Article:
The average term to maturity of Treasury Bond issuance in 2016‑17 at just over 10 years was higher than it was the previous year but as the portfolio has grown over time and the yield curve extended such increases are getting harder to achieve. However, the outcome for 2016‑17 underpinned a further lengthening of the average term to maturity of the portfolio to 7.13 years, from 6.97 the year before. In operation since 2011, the lengthening strategy is estimated to have deferred the need to re‑finance about $15 billion on average per year in maturities over the next five years. This is a considerable reduction in near‑term funding risk, which is now being complimented by the buyback program.

Residential mortgage‑backed securities

In May 2015, the AOFM was issued a Direction to commence a program of regular divestment of the remaining residential mortgage backed securities (RMBS) portfolio. A program of monthly competitive auctions commenced in June 2015. The Direction requires the AOFM to exercise discretion on timing and sales volume to minimise potential market disruptions; and to suspend RMBS sales that cannot occur at a price that is acceptable to the AOFM.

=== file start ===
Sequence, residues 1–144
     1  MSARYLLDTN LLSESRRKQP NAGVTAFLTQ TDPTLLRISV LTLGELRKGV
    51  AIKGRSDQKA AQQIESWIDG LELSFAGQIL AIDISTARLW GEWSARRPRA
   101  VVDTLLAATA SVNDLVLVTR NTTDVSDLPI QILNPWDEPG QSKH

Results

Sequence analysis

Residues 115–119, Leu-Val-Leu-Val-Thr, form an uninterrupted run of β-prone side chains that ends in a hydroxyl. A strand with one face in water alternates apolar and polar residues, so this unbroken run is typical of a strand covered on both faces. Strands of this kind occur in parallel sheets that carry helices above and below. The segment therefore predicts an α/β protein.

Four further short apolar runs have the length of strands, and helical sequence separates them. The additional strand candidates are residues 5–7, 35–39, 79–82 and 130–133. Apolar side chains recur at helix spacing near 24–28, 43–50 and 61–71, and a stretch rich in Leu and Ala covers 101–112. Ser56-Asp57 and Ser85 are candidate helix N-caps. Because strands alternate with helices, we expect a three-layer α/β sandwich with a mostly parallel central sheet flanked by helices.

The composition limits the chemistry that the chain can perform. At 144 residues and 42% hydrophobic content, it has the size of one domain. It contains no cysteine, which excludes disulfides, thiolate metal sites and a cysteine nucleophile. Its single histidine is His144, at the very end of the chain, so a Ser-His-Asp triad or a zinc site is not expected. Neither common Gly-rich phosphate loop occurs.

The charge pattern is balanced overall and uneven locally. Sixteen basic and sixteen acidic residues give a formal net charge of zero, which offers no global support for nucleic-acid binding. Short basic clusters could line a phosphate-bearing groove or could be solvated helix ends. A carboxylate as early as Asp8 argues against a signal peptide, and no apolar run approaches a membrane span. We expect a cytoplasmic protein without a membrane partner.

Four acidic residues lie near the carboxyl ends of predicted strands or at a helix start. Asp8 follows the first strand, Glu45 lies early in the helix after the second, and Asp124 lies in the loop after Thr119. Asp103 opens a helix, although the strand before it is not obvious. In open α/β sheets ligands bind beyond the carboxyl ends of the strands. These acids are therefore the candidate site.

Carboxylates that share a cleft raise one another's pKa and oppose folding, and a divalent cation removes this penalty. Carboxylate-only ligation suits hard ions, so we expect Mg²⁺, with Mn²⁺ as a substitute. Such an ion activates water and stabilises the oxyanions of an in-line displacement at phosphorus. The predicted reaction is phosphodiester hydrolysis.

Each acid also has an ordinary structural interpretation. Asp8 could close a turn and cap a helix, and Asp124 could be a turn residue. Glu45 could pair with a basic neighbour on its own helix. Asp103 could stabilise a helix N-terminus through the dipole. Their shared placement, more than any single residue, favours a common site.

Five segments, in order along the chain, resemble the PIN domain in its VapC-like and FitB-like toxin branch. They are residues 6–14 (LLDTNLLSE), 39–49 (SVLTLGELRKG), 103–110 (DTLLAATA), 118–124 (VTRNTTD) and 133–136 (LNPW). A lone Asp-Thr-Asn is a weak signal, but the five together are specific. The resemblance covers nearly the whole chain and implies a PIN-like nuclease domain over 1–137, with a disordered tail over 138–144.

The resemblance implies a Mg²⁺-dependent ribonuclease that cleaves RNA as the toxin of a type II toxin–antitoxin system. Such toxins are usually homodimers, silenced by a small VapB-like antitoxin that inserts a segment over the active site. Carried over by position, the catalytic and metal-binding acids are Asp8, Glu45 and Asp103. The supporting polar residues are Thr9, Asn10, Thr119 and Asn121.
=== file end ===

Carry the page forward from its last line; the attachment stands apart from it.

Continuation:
Due to a marked widening of RMBS yields the AOFM (consistent with the intent of the Direction) suspended the auction process in November 2015. The auction process remained suspended throughout 2016‑17 because the AOFM assessed prices to remain at unacceptable levels. In addition to ongoing assessments of investor demand for RMBS, credit market conditions will influence the AOFM in its deliberations regarding a resumption of the divestment process.

Looking ahead

The outlook continues to be dominated by speculation about global economic growth and inflation, changes to the conduct of monetary policy overseas, and the performance of sovereign bond markets generally. In particular, the prospect of steadily improving economic growth in the US and now the EU attract close scrutiny by the investor community. However, uncertainty associated with these outlooks is likely to persist in the coming year, not least because of heightened geo‑political risk and a weakening consensus about the ability for broad stimulatory budget measures to be implemented in the US. These, amongst other factors, remain relevant to the AOFM’s deliberations.

The AOFM remains focused on portfolio management objectives that will support a diversified investor base and an outlook for declining issuance, but little expected change in the overall size of the debt portfolio. If achieved, these objectives will maintain an efficient AGS market that will support domestic financial market operations generally.

With completion of its long‑term market development program (including a substantial yield curve extension), the AOFM will appear more to the market like a business as usual operation over the coming years. In particular this will allow more straightforward and less intensive engagement with the investor community.


Rob Nicholl

Chief Executive Officer

Last updated: 20 February 2018